My newest column is now available from Research magazine. Here’s a taste.
As [The Wall Street Journal's Jason] Zweig emphasized, we are all social animals. It is natural and inevitable for most people to measure their success and status against their peers, and advisors are people, too. Yet the advisor who loses business to the competitor proposing an unrealistic approach and envies him “has already lost the battle. [Warren] Buffett likes to say that companies get the shareholders they deserve. Ultimately, every advisor has to be reconciled to the perennial truth that you get the clients you deserve.”
Surely the best advisors will need to listen more carefully, to provide excellent advice and recommendations based upon the most thoughtful research, and to make their points in a way that resonates with clients both intellectually and emotionally. That’s far easier said than done, of course. Long-term financial and retirement planning is difficult business. As Dana Anspach sagely added, “It is hard to plan for something when you don’t want it to happen.” Indeed it is.
Struggling With Clients
My latest piece for MarketWatch is now available. Here’s a taste:
This need to avoid investing errors is particularly relevant to retirement planning. More retirees use systematic portfolio withdrawals to provide needed income than any other strategy by a large margin . The common rule of thumb is the so called “4% rule,” which generally postulates that one should be able safely to withdraw an inflation-adjusted 4% from a diversified portfolio of between 50% – 75% stocks annually and have the portfolio last for 30 years to roughly a 90% – 95% certainty.
However, recent research (summarized here and here ), much of it by my RetireMentor colleague Wade Pfau , “suggests that the sustainable withdrawal rate for retirees in 2000 could be much closer to 2% than to the 4% safe withdrawal rate rule-of-thumb.” The problem is largely on account of ” sequence risk .”
Retirement: Winning the loser’s game
My latest RetireMentor piece is now up at MarketWatch. The link is below.
What matters most in retirement planning
I commend some recent articles to your attention.
Michael Kitces published a piece in Investment News today recommending 11 investment blogs for financial professionals, including Above the Market in the 11. I’m in very good company with Michael’s Nerd’s Eye View, Tadas Viskanta’s Abnormal Returns, Wade Pfau’s Retirement Researcher Blog, and Josh Brown’s The Reformed Broker, You should read them all regularly.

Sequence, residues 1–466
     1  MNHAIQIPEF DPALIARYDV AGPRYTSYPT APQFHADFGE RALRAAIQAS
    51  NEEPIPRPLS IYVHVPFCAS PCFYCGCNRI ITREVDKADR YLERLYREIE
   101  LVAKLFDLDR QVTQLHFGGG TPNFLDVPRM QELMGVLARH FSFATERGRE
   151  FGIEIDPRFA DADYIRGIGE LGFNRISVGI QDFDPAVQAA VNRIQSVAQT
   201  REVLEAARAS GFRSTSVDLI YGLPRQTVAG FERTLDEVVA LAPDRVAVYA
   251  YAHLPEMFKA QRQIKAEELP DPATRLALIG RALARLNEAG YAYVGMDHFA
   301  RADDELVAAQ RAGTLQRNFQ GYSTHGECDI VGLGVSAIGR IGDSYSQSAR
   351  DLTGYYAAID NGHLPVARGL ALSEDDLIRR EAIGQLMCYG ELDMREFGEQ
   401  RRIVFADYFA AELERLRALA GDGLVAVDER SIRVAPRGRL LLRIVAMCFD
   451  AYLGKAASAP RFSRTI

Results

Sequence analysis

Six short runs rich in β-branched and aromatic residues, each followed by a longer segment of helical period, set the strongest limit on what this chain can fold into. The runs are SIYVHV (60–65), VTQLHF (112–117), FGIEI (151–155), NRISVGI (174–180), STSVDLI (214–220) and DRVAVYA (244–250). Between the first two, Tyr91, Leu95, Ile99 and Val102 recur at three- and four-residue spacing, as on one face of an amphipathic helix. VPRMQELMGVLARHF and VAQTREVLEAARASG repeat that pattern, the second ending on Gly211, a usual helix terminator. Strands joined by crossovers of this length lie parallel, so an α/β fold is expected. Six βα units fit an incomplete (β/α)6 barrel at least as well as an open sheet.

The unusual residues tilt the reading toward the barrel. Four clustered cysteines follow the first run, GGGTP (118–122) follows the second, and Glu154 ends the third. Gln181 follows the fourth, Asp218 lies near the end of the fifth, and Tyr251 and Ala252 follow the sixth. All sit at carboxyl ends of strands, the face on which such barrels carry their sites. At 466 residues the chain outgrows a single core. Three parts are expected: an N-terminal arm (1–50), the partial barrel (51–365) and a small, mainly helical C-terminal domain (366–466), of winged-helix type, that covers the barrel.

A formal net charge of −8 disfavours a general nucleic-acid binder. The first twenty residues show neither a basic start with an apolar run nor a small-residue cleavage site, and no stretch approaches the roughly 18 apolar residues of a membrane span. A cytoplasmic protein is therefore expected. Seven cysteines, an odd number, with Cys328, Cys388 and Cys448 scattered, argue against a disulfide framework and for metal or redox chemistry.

My friend Wade Pfau gave a one-hour seminar presentation at California Lutheran University recently. It mostly focused upon his research on “safe savings rates.” You may view it below.
My friend Wade Pfau has some new material available at his blog concerning the trade-offs between income guarantees on the one hand and personal control of one’s assets on the other as they relate to retirement income planning. I have linked them below. As usual, Wade’s work in both interesting and helpful. As Wade notes, “It seems like retirement income strategies boil down to where you want to fall on the spectrum between having control of your assets and hav[ing] guaranteed (inflation-adjusted) protections for life.”
I agree. But I would add that more control over one’s assets necessarily means being more susceptible to random — potentially negative and perhaps disproportionately negative (on account of statistical “fat tails”) — outcomes and thus (paradoxically) less ability to “control” one’s life in the long run.
I encourage you to read these posts and all of Wade’s (exceptional) work.
Guarantees vs. Control
On the Pros and Cons of GLWBs
Safe Withdrawal Rates: Have I been barking up the wrong tree?
Some excellent resources on how much to save for retirement:
Regular readers of this site (thank you!) will know that I cite my friend Wade Pfau’s research on retirement planning — especially his work on safe withdrawal and savings rates — approvingly and often. His work is terrific and important. Morningstar has now made an article of Wade’s available which had been locked behind a paywall at the Retirement Management Journal and which summarizes his research about safe withdrawal rates. It’s an outstanding summary piece. Here’s a taste:
“High earnings multiples, low dividend yields and low nominal interest rates indicate that conservative retirees should adjust their forecasts for future asset returns downward, which further implies lower sustainable withdrawal rates. For prospective retirees, the real lesson provided by the historical data is not past portfolio success rates, but rather to see how maximum sustainable withdrawal rates have related to the underlying sources of asset returns.”
I also recommend Wade’s blog (note my Links Plus page).